Stopped With Help From CHP
The Street reports that a 2008 Prius sped out of control at 94 mph in San Diego on Monday.
61-year-old James Sikes tells AP that “I pushed the gas pedal to pass a car and it did something kind of funny…it jumped and it just stuck there.” “As it was going, I was trying the brakes…it wasn’t stopping, it wasn’t doing anything and it just kept speeding up.”
According to reports, Sikes was driving on Interstate 8 and called 911. A California Highway Patrol (CHP) officer gave him instruction to help bring the car down to 50 mph and eventually to a stop, reports the Los Angeles Times.
The Times says that the officer used a loudspeaker to tell the driver to apply both his emergency brake along with the brake pedal at the same time. At 50 mph, Sikes could turn off the engine and coast to a stop. The officer drove his car ahead of Sikes to block it from moving forward.
Toyota, which has recalled millions of vehicles over unintended acceleration, has dispatched a field representative to study the car.
The 2008 Prius was part of a November recall of 4 million cars. No word on whether he took his car into the dealer as recommended by the recall notice.
Toyota has recalled some 8.5 million vehicles, 6 million in the U.S. over braking issues in the Prius and acceleration problems in other models.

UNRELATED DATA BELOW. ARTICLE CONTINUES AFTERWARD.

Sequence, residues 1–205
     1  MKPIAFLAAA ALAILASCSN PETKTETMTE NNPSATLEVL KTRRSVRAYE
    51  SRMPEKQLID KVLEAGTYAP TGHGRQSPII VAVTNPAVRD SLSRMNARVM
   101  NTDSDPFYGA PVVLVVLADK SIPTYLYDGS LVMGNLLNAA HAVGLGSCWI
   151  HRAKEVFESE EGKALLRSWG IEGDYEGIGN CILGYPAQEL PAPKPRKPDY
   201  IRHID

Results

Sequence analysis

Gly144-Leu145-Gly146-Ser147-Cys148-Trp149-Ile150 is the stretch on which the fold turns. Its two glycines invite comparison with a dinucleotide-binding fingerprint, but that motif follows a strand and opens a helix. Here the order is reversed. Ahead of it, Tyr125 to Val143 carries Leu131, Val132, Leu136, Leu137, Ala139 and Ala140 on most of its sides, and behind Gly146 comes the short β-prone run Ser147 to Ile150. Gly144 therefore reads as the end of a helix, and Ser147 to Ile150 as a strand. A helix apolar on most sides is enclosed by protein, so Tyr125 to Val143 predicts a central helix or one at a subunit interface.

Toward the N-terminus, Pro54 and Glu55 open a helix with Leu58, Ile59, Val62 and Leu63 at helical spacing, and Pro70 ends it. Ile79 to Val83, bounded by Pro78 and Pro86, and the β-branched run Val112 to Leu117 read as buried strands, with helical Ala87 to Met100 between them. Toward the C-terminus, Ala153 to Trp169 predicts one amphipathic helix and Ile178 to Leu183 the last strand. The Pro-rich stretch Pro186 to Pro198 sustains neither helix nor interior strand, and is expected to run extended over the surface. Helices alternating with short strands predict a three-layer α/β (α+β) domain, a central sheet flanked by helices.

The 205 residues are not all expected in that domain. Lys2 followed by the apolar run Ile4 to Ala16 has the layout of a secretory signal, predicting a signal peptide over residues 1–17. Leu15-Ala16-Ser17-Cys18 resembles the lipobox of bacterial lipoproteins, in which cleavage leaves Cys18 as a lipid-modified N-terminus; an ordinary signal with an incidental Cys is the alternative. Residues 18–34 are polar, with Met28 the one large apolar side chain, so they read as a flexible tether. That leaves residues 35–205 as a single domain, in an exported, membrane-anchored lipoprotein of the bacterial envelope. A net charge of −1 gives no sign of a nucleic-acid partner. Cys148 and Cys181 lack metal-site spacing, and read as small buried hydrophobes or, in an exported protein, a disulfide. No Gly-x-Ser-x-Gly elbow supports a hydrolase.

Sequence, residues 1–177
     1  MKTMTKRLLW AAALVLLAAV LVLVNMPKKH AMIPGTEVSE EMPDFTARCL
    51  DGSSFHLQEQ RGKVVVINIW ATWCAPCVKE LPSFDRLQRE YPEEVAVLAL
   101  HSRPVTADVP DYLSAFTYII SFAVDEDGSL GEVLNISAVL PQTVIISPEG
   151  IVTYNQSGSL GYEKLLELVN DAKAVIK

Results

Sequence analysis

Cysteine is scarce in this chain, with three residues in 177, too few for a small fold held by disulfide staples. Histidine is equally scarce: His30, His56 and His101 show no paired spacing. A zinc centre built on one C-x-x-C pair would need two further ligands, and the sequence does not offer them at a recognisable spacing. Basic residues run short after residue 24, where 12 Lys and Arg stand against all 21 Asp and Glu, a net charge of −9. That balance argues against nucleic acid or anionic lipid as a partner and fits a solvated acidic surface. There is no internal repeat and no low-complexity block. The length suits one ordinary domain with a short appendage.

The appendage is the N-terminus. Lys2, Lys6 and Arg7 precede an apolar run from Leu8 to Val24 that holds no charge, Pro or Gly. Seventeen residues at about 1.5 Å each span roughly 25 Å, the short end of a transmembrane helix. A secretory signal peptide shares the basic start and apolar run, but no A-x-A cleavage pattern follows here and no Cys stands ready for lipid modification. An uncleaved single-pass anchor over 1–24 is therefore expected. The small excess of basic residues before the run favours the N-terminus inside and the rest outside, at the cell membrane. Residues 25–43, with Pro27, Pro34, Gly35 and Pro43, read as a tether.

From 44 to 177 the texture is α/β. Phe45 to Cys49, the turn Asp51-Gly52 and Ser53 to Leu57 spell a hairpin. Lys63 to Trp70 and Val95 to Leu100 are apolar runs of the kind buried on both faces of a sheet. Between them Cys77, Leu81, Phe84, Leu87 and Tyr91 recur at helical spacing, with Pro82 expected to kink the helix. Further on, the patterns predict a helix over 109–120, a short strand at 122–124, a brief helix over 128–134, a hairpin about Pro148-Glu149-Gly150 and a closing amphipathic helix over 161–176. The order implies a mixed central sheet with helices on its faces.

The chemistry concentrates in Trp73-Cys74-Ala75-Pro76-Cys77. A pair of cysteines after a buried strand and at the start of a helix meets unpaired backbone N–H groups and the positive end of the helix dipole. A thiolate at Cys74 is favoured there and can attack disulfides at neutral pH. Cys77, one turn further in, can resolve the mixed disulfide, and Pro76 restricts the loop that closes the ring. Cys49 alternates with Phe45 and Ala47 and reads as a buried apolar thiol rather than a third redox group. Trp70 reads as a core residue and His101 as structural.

At least 34 deaths are blamed on the problematic automobiles, including the San Diego deaths last August of CHP officer Mark Saylor and three family members when their Lexus accelerator got stuck and slammed their vehicle into a SUV at 100 mph then down an embankment.
Billions in Losses
The Wall Street Journal reports this morning that Toyota could be facing a $5 billion loss from campaigns to lure customers back including zero percent interest for five years and free maintenance, lawsuits and its extensive new marketing advertisements.
Sales for Toyotas are down 12.7% in February, an improvement over the previous months 14%.
Litigation and Class-Actions
Class-action status is being sought in at least a dozen lawsuits. The latest is brought on behalf of the Pena family of Texas who owned a runaway Avalon, made by Toyota.
Robert Hilliard, (IB Partner) of Hilliard Munoz Guerra LLP, believes the lawsuit, filed in federal court in Corpus Christi, will include owners of all types of Toyotas from all over Texas.
And Beasley Allen (IB Partner,) an Alabama law firm, announced last week it is filing suit in Florida on behalf of more than 5 million Toyota owners affected by the recall.
Toyota is facing lawsuits from individuals as well including the Houston plaintiff who alleges his wife was killed in when her 2009 Toyota accelerated and crashed. #